cloaks of their friends under his mats. They 
hastened and told their friends, who plotted to 
take vengeance on their enemy. 

The women decided to try to drive the demi- 
god away, so destroyed the spring of water from 
which they had daily brought water for his wants. 
They also carefully concealed all evidences of 
other springs. Kamapuaa retiu-ned from his 
adventures and was angry when he found no 
water waiting for him. He called for the women, 
but they had hidden themselves. He was very 
thirsty. He rushed to the place of the spring, 
but could not find it. He looked for water here 
and there, but the sisters had woven mighty 
spells over all the water-holes and he could not see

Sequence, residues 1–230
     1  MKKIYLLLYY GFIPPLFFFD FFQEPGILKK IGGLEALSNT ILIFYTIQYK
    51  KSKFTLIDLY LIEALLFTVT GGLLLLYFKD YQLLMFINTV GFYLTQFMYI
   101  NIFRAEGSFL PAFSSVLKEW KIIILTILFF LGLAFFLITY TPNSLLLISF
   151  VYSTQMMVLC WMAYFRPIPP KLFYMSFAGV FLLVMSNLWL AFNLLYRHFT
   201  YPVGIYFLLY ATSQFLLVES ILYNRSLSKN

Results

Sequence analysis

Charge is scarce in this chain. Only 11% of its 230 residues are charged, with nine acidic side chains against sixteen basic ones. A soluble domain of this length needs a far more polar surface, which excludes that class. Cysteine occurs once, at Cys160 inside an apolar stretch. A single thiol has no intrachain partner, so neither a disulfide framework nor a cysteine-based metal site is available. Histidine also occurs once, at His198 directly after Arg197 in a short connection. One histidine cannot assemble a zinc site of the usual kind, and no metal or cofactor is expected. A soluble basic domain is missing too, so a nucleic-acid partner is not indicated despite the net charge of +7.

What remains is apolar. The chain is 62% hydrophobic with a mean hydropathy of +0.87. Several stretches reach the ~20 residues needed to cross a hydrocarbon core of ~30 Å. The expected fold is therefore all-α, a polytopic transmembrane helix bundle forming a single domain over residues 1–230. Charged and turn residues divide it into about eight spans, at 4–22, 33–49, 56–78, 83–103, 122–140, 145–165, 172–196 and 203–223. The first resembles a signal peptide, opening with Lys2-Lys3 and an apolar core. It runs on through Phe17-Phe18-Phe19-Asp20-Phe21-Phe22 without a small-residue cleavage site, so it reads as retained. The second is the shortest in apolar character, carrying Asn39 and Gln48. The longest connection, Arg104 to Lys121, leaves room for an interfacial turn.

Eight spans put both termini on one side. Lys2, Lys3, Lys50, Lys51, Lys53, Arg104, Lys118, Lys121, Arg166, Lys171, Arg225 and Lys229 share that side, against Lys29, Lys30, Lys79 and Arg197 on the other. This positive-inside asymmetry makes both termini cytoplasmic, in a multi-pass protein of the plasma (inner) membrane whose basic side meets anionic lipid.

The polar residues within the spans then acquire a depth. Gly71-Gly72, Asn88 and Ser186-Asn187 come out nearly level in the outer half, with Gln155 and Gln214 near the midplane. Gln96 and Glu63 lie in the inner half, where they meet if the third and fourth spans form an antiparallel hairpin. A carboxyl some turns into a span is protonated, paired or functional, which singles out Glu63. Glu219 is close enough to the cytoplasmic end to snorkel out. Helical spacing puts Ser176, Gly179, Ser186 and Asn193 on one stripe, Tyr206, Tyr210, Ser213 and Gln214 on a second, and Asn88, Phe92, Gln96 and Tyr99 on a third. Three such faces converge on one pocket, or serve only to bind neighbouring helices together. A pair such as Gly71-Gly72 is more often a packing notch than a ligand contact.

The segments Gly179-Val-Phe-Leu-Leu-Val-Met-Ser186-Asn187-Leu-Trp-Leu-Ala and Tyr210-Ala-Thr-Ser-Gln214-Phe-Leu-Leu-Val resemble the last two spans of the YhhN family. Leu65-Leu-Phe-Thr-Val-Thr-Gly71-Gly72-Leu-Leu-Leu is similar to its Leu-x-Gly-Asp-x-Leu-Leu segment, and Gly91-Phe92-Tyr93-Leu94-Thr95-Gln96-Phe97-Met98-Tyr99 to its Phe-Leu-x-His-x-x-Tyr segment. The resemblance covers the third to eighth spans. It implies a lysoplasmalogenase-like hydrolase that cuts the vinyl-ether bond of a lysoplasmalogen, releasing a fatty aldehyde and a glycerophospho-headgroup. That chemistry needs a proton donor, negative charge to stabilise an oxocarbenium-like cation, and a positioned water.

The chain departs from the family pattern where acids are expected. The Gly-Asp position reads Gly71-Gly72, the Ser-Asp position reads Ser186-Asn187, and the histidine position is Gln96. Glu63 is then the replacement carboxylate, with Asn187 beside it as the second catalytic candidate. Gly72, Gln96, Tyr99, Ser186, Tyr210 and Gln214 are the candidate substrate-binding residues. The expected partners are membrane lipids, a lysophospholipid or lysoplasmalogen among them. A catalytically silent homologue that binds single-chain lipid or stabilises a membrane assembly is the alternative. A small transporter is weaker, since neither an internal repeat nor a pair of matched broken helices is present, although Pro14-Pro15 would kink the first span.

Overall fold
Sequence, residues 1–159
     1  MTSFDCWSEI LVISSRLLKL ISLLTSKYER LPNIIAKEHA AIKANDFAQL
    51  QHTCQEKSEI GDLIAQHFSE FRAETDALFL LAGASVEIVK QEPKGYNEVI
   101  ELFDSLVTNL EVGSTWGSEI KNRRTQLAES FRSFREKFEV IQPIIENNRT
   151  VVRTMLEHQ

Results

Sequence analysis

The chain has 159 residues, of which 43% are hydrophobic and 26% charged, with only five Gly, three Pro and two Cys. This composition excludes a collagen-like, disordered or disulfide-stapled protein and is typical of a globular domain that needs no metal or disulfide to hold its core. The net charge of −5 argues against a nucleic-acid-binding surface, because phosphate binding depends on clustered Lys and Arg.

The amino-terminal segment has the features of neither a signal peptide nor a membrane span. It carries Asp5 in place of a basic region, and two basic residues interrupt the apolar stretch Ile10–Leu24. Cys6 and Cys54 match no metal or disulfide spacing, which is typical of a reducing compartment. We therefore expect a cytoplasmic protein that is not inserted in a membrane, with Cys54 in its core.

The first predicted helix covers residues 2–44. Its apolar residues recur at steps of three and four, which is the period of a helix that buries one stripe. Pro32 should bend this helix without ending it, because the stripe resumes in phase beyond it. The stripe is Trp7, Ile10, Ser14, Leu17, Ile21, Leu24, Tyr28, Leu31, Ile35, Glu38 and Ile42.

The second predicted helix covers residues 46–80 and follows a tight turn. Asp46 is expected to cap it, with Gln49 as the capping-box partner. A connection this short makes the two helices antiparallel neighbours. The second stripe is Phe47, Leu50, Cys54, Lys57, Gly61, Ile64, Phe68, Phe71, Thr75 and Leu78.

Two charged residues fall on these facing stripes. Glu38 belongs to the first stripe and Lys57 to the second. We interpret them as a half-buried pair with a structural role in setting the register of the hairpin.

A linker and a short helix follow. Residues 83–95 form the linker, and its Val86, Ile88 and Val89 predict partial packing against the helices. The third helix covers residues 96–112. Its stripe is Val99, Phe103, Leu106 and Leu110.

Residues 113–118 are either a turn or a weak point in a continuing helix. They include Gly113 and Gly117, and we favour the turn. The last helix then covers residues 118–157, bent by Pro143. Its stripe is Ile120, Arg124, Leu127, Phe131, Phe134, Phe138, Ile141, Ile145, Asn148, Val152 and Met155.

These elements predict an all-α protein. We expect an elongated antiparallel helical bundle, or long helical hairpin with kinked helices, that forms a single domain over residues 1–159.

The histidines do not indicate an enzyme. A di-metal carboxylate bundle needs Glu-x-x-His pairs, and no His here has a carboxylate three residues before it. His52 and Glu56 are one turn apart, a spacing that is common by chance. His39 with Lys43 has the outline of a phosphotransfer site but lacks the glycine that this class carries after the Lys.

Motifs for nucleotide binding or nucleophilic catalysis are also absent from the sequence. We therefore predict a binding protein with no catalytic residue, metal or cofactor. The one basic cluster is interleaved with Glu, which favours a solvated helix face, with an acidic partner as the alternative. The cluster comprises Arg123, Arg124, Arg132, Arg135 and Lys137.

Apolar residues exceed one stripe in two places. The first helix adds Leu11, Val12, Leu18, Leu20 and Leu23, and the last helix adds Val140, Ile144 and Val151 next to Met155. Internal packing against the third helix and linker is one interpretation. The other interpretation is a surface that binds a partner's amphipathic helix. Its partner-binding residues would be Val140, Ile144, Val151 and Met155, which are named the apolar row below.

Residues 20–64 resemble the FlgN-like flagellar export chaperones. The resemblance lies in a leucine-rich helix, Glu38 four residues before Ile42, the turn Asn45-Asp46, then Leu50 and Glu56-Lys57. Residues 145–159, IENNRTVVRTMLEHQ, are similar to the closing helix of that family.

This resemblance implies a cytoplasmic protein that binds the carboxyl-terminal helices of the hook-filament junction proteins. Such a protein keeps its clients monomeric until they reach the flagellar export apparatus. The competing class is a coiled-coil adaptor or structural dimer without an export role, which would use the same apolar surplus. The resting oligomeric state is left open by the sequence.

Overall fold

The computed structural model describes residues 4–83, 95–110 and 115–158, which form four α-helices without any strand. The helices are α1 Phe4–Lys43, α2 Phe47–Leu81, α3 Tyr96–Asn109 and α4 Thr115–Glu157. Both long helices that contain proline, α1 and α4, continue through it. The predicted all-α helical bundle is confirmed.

them. In his rage he rushed about like a blind 
and crazy man. Then the sisters appeared and 
ridiculed him. They taunted him with his failure 
to overcome their wiles. They laughed at his 
suffering. Then in his great anger he leaped 
upon them, caught them and threw them over a 


precipice. As they fell upon the ground he 
uttered his powerful incantations and changed 
them into two stones, which for many generations 
have been guardians of that precipice. Then he 
assumed the form of a pig and rooted deep in 
the rocky soil. Soon he uncovered a fountain of 
water from which he drank deeply, but which he 
later made bitter and left as a mineral-spring to 
the present day. 

The people of Kauai now knew the secret of 
the wonderful swinging war club. They knew 
that a hand held it and an invisible man walked 
beside it, so they fought against the power which 
they could not see. They felt their clubs and 
spears strike some solid body even when they 
struck at the air. Courage came back to them 
and they began to drive Kamapuaa away from 
their homes. 

He appeared sometimes as a pig again, de-